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Audit Clears Jewish Agency over Transfers to World Jewish Congress

March 28, 2005
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The Jewish Agency for Israel is hoping an external auditor’s report will put to rest allegations that it transferred funds to the World Jewish Congress for the pension of a top WJC leader. The assessment also faults JAFI for shoddy record-keeping.

The report is the latest development in the case of accusations of financial impropriety at the WJC that has roiled the organization.

Carried out by the Tel Aviv office of the accounting firm Ernst & Young, the inquiry “did not find a linkage” between JAFI’s 2001 transfer of $1.5 million to the WJC and a 2002 deposit by the WJC of $1.2 million into an account in Switzerland.

In recent months, the WJC has been embroiled in a vitriolic internal squabble over accusations of financial wrongdoing made by Isi Leibler, a former WJC vice president.

Among those accusations, Leibler charged that WJC officials may have tried to hide $1.2 million in an undisclosed Swiss bank as a pension fund for the group’s chairman, Rabbi Israel Singer, following JAFI’s $1.5 million payment. WJC officials accused Leibler of using the accusations to try to take control of the organization. The Ernst &Young report found that JAFI did not earmark its transfer of the $1.5 million to the WJC for any specific use.

“There is now an official document, commissioned by the chairman of the Jewish Agency from a reputable, worldwide, recognized accountancy firm, that shows openly that the Jewish Agency’s relationship with the World Jewish Congress is a transparent operation between two international organizations,” JAFI spokesman Michael Jankelowitz told JTA. “And there was nothing sinister or underhanded or secret in the relationship.”

Though the report seemed to exonerate the Jewish Agency with regard to the money transfer, it faulted the organization for sloppy record-keeping practices regarding its budgets.

“Irrespective of our conclusion regarding the designation of the transfer, we found that the level of documentation of the mode of making decisions and of the bodies involved in them was deficient and hampers proper budgetary control,” the report said.

Jankelowitz said JAFI Chairman Sallai Meridor, who commissioned the report, ordered the group’s comptroller to investigate the assertions. Meridor asked that the probe be finished in time for the agency’s board meeting in late June, Jankelowitz said.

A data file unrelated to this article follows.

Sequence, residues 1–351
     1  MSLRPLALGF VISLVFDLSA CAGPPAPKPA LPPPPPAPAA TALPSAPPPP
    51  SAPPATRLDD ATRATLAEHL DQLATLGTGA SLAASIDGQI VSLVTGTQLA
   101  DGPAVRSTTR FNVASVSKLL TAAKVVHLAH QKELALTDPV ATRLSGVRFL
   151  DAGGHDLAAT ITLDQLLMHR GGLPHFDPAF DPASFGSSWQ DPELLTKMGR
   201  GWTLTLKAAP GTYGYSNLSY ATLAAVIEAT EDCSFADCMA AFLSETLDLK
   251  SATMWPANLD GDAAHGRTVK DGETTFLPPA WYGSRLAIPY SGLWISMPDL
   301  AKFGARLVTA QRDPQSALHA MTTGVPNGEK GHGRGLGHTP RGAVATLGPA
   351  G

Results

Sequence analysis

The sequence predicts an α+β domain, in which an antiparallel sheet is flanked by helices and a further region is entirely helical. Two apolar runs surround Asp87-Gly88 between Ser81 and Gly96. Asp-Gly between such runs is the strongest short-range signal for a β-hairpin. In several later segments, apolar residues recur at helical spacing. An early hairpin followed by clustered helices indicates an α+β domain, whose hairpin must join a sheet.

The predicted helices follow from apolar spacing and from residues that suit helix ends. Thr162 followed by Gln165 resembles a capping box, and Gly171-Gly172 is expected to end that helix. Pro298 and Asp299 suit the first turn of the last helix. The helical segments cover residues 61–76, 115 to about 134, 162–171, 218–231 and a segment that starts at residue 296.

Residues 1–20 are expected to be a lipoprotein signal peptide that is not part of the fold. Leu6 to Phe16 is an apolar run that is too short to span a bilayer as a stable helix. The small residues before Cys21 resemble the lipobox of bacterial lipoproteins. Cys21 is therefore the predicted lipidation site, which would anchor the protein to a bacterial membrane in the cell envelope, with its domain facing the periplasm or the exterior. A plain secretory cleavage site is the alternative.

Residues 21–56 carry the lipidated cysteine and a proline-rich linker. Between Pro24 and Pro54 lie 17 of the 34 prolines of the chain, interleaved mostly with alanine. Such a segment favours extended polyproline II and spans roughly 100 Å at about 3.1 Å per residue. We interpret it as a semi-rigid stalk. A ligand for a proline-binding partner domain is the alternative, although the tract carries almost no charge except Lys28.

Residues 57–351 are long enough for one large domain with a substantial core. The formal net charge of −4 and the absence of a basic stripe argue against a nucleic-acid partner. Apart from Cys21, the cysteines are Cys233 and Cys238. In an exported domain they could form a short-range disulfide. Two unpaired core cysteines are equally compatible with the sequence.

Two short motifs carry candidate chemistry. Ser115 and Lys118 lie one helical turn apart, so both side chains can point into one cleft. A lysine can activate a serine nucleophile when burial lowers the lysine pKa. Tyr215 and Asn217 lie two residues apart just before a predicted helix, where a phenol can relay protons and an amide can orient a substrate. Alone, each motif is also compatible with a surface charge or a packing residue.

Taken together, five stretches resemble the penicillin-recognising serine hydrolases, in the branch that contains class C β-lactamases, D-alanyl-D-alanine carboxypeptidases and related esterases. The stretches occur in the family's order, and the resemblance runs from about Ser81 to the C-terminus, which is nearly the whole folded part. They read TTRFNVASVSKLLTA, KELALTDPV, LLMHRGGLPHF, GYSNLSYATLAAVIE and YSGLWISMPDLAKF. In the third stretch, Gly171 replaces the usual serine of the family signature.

Since 1983, JAFI had been providing the WJC with annual assistance of up to $500,000, the report said, but did not make such payments between 1998 and 2000. The auditor said it could not find documents to determine why that was the case.

In 2001, the agency made the $1.5 million payment, which included $500,000 for each of the years no money had been given.

“There is no difference of opinion between the Jewish Agency and the World Jewish Congress that the $1.5 million that the Jewish Agency sent in January 2001 was not designated for any specific purpose but was given to the general fund” of the WJC, said the WJC’s secretary-general, Stephen Herbits.

Herbits also said the WJC was giving its “full cooperation” to an informal investigation into its financial dealings launched by New York State Attorney General Eliot Spitzer.

“We’re working with them and are hopeful for an early and satisfactory conclusion,” he told JTA.

The WJC’s steering committee will hold its third meeting in seven months in April, where it will review the recommendations of a task force on constitution and governance. The group’s report includes “a series of options for revisions of the constitution for the first time since 1976,” Herbits said.

The recommendations address topics ranging from the group’s formula for allocating money to how its leaders are elected. Edgar Bronfman, the WJC’s president, called for the task force’s creation in 2003.

The steering committee also will discuss the major issues on the WJC’s agenda.

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